What’s the future of The Farm? We ask the merchants and the owner

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Merchants and patrons are concerned about the future of what some consider an iconic, long-established local shopping center.

The Farm, at the southeast corner of 51st Street and Sheridan Road, has been a mainstay in Tulsa since the early 1970s, when a barn at the site was refurbished and a retail and restaurant destination were built around it.

Historically, with at least 40 specialty shops, restaurants and offices, The Farm was considered by many to be similar to Utica Square, though not as upscale.

But the number of businesses at The Farm is now down to 18 to 20.

The Farm’s merchants cite the COVID-19 pandemic and the purchase of the center by an out-of-state property management company as reasons for its decline.

Shop Cos. of Dallas bought The Farm in 2021.

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“In the beginning, when they introduced themselves, they said, ‘We’re putting in $4 million in improvements in the shopping center.’ And what’s happening is the capital improvements that they are doing, they are passing off as maintenance fees,” said Ken Rudzienski, manager of Windsor Market, an antiques and home decor store that is marking its 27th year in business.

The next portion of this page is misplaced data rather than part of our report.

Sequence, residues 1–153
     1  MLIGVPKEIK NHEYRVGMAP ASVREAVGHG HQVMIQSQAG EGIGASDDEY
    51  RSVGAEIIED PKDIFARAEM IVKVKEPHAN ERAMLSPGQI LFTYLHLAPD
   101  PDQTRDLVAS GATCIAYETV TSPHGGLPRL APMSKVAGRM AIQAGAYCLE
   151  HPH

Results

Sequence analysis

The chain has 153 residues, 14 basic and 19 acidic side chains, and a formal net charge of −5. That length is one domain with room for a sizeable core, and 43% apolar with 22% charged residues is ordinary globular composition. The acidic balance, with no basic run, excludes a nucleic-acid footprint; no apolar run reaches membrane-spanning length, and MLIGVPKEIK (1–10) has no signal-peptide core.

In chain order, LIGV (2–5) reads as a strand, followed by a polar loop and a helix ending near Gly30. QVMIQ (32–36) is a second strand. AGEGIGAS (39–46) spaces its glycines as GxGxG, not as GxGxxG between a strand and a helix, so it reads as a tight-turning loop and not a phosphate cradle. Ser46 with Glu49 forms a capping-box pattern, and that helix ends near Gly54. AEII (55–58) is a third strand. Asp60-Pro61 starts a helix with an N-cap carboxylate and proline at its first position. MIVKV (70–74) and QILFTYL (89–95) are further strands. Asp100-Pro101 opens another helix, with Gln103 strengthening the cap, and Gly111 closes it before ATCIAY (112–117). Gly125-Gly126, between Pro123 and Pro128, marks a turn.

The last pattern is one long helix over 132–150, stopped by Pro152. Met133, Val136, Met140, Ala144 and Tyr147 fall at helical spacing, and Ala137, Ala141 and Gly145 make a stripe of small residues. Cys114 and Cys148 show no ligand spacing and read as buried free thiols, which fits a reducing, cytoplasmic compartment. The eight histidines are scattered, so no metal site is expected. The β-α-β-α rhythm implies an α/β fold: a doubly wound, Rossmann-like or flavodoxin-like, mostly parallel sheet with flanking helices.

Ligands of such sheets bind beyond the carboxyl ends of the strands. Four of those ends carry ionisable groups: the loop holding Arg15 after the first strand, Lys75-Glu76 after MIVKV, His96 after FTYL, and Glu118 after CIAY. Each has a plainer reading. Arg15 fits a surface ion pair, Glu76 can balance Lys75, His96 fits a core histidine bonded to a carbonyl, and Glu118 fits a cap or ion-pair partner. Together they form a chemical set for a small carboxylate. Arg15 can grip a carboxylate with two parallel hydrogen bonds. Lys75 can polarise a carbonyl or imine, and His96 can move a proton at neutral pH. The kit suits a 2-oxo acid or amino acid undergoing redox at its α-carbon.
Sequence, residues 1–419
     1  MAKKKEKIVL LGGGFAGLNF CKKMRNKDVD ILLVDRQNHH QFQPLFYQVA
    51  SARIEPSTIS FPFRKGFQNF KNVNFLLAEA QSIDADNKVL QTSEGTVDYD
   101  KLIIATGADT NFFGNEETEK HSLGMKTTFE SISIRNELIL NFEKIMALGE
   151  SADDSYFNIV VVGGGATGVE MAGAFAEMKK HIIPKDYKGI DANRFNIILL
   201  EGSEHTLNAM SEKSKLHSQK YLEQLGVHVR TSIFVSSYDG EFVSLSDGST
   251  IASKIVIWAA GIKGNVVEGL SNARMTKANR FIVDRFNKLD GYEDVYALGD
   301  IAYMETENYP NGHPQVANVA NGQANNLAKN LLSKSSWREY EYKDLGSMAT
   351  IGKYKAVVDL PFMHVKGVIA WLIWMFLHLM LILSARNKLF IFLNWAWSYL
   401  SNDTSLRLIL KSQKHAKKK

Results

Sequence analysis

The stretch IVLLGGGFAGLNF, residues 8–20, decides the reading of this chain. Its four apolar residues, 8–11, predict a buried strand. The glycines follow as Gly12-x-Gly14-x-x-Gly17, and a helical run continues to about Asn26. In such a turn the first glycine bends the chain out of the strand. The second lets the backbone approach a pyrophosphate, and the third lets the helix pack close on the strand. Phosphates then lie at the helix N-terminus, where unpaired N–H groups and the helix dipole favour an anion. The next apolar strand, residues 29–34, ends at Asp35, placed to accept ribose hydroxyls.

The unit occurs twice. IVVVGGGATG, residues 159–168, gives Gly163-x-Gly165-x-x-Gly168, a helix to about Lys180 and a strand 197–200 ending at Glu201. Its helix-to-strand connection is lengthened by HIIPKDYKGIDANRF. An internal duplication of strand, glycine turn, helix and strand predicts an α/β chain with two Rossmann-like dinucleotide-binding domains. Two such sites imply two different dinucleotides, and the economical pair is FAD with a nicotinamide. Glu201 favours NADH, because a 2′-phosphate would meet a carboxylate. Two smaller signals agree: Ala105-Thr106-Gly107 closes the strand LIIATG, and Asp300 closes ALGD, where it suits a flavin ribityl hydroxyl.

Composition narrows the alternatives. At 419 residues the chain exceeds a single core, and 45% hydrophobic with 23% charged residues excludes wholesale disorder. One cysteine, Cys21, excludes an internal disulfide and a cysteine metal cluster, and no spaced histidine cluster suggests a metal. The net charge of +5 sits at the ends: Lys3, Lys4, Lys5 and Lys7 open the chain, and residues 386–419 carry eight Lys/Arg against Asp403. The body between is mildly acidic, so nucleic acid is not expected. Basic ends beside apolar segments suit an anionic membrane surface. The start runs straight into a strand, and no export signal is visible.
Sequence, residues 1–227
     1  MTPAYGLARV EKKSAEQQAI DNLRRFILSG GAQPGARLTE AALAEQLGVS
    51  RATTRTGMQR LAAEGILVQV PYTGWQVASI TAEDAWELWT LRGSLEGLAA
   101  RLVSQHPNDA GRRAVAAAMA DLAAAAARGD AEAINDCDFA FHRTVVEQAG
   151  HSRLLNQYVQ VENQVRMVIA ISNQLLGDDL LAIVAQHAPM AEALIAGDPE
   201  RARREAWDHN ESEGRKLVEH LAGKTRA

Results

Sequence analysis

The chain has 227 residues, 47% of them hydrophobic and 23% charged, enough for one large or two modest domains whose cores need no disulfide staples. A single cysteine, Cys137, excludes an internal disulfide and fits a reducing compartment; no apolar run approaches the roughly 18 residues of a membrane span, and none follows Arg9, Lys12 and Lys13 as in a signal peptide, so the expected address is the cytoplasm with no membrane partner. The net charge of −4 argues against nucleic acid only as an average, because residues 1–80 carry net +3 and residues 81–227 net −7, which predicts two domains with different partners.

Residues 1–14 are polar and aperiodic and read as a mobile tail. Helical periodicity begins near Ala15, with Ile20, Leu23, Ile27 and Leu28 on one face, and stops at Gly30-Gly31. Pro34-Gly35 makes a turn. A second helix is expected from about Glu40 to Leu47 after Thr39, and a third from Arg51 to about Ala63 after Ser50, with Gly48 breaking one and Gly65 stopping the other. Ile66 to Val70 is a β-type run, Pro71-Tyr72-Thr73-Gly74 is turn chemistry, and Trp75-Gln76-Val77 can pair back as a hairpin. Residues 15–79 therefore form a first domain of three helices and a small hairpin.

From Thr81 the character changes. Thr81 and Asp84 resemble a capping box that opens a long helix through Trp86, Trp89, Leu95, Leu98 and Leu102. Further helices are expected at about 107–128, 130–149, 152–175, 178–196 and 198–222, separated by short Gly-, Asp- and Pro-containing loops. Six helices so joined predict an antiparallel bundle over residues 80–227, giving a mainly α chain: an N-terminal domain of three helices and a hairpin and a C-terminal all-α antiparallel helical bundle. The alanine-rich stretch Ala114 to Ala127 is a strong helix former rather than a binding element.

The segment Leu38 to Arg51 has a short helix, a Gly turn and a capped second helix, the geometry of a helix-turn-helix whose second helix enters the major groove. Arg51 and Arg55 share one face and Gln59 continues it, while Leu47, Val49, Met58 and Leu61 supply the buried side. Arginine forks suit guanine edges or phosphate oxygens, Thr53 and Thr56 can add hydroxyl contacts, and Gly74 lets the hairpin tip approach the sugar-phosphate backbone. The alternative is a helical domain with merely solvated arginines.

Windsor Market owner Ken Rudzienski walks around The Farm shopping center. “I was leery about signing another five-year lease because I said it’s like buying a ticket on the Titanic,” he said.




Windsor Market, which moved to The Farm in 2018 from 68th Street and Memorial Drive, recently signed a five-year renewal lease to stay at The Farm.

“I was leery about signing another five-year lease because I said it’s like buying a ticket on the Titanic,” Rudzienski said.